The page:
Intuit empowers small businesses, accountants, and individuals with tax preparation and financial software. Intuit Websites, which enables small businesses to build websites without any technical expertise, relies on a MongoDB-powered real-time analytics tool to derive interesting and actionable patterns from their customers’ website traffic.
In addition to helping customers create and host their websites, Intuit wanted to collect and analyze data from these sites. Intuit could then use the data to recommend conversion and lead generation improvements to their customers. By providing these analytics, Intuit hoped to enable their customers to grow their businesses.
Intuit required a datastore that could serve as a centralized repository for complex data and maintain high performance for aggregation and analytics. Intuit initially tried using off the shelf products like Google Analytics and Omniture, but realized that they needed a custom tool to meet their requirements. But building the analytics tool in house immediately posed a few challenges.
Intuit hosts more than 500,000 websites. Though they had some information about customers’ websites, they didn’t have it in the detail that they wanted.
Data Aggregation and Performance
With 10 years worth of user data, it took several days to process the information using a relational database.
Prior to the implementation of MongoDB, analytics data was scattered over multiple sources. This posed technical and logistical problems, and prevented analyzing this data in a timely fashion.
Intuit initially planned to build their analytics service using a relational database. At the time, MySQL or Oracle seemed like an obvious choice due to existing infrastructure. Yet, the team quickly encountered performance issues using a relational system. While there was also an existing Hadoop infrastructure in house, the team quickly realized that MongoDB's querying and map reduce functionality could serve as a simpler, higher-performance solution than a complex Hadoop deployment.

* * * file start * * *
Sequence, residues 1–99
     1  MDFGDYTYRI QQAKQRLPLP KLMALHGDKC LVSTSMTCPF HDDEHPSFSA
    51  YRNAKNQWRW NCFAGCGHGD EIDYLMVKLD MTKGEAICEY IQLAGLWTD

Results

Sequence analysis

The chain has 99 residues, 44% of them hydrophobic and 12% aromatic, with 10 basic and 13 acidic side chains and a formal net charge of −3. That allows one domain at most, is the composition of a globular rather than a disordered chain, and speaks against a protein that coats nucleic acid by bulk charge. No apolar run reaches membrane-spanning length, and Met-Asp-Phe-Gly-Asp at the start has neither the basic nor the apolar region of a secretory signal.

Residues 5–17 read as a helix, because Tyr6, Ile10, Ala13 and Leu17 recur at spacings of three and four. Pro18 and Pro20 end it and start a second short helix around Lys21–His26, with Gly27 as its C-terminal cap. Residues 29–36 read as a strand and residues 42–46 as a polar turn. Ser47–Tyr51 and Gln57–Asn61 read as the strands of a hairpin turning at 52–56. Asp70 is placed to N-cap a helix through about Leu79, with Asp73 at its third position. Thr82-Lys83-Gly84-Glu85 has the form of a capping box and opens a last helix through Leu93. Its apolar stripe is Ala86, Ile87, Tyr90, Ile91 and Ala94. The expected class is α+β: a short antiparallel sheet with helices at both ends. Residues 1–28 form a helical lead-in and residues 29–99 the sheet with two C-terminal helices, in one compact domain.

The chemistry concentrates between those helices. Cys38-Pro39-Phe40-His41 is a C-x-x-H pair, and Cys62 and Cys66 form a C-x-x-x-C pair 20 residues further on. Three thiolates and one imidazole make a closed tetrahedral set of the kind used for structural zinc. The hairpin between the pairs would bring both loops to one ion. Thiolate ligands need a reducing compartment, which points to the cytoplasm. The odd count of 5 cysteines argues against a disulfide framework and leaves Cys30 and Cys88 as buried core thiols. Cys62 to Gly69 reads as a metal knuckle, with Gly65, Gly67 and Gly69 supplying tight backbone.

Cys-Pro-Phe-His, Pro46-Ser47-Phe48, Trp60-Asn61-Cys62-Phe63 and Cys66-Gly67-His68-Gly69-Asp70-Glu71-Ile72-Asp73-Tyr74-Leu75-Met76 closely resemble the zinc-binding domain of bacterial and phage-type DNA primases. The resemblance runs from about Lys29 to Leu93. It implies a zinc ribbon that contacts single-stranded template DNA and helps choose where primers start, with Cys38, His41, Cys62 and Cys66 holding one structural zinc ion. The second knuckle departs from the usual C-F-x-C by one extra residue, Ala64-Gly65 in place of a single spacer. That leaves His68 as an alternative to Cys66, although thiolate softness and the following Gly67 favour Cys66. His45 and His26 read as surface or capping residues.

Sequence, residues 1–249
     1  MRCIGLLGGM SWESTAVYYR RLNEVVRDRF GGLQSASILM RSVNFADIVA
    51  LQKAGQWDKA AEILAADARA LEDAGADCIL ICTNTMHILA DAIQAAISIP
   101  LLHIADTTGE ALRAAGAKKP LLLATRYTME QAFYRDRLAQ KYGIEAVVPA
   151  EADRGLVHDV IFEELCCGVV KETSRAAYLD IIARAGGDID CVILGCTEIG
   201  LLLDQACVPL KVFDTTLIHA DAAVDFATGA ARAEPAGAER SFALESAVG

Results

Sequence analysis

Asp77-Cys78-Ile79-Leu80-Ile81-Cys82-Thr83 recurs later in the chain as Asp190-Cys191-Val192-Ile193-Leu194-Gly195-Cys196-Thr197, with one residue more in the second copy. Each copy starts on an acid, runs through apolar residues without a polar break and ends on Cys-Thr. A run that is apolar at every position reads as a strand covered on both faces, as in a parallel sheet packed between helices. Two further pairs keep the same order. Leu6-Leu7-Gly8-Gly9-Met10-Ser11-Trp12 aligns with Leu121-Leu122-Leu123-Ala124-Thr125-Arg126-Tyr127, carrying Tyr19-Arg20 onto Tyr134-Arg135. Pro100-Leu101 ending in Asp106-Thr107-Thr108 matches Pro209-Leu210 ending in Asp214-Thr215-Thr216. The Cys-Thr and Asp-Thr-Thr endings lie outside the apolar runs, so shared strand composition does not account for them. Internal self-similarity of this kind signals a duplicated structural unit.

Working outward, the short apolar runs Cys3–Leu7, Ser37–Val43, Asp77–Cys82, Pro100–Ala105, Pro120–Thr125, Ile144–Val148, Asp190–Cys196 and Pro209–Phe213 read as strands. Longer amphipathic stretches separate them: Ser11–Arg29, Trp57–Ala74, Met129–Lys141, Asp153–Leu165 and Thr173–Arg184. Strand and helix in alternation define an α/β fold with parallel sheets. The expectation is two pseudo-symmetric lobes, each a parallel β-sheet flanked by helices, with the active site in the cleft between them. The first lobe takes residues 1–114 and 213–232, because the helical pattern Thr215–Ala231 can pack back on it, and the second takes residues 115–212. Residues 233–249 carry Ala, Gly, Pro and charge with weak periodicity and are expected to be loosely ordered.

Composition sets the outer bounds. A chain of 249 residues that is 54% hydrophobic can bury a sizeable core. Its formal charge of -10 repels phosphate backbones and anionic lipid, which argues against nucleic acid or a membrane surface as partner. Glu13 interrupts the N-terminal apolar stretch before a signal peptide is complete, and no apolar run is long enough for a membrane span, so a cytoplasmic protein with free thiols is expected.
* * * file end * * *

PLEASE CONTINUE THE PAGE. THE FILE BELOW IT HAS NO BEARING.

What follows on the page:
In their benchmarks, Intuit found MongoDB to be 2.5 times faster for writes than MySQL. Performance for both reads and writes were better than the other relational and non-relational choices evaluated. Hadoop might have provided the analytics that they were looking for, but it would have added additional systems to their setup, increased complexity, and the batch processing design of Hadoop would have delayed the delivery of reports to end users.
Intuit spent one week developing a prototype analytics solution based on MongoDB. In that time they were able to become proficient in MongoDB development, and found that they could develop application features more quickly for MongoDB than for relational databases.
"We did a prototype for one week and within one week we had made big progress. Very big progress. It was so amazing that we decided let's go with this,” said Nirmala Ranganathan. “The cool thing about MongoDB is that you change – boom... it works in QA, it works in production… that is why we can deploy once a day or sometimes twice a week based on what the changes are. It gives so much flexibility and confidence to us as well as the build team that actually does the job of deployment.”
The strength of the MongoDB community confirmed Intuit's confidence in their choice to use MongoDB. During the prototyping period, Intuit engineers would frequently post question on the user forums, where they would get quick responses from more experienced community users. Around this time, Intuit engineers registered for the first MongoSF conference, where they saw evidence of the vibrant community around MongoDB. Meeting other users overcoming similar challenges with analytics applications convinced them that using MongoDB was the right decision. Not long after deploying their app, the team at Intuit was contributing back to the MongoDB community with a presentation of their own at the next MongoDB event in the Bay Area.